In the July/August issue of Foreign Affairs, Marc Lynch reviews Paul Berman’s The Flight of the Intellectuals, taking the opportunity to discuss reactions to non-violent Islamism:

Those, such as Berman, who see Islamism as flat and uniform claim that Islamists of all varieties — despite differences over the use of violence or the value of democratic participation — ultimately share a commitment to achieving an Islamic state. But this is misleading. There is a vast and important gap between the Salafi vision of enforced social uniformity and the moderate Islamist vision of a democratic state, with civil institutions and the rule of law, populated by devout Muslims. The gap is so great as to render meaningless the notion that all Islamists share a common strategic objective. Ramadan stands on the correct side of this gap, and by extension, he stands on the right side of the most important battle within Islamism today: he is a defender of pragmatism and flexibility, of participation in society, and of Muslims’ becoming full citizens within liberal societies.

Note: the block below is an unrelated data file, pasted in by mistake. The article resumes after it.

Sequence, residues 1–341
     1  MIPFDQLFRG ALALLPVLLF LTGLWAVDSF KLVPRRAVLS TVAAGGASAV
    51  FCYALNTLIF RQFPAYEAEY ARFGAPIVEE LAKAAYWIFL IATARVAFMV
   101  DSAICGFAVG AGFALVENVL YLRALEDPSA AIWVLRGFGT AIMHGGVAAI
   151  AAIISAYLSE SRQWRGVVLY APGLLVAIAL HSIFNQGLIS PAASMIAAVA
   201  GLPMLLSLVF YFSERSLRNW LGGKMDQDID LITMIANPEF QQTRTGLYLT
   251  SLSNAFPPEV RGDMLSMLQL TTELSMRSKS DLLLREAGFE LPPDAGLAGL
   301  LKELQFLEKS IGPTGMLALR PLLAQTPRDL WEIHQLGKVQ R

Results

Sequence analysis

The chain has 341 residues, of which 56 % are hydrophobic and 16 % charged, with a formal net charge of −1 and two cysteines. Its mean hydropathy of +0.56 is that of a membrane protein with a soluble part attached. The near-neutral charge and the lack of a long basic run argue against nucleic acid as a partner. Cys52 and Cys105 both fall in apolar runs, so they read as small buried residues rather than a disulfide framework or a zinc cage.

Read the essay in full here. Also see Lynch’s summary of the piece at his Foreign Policy blog.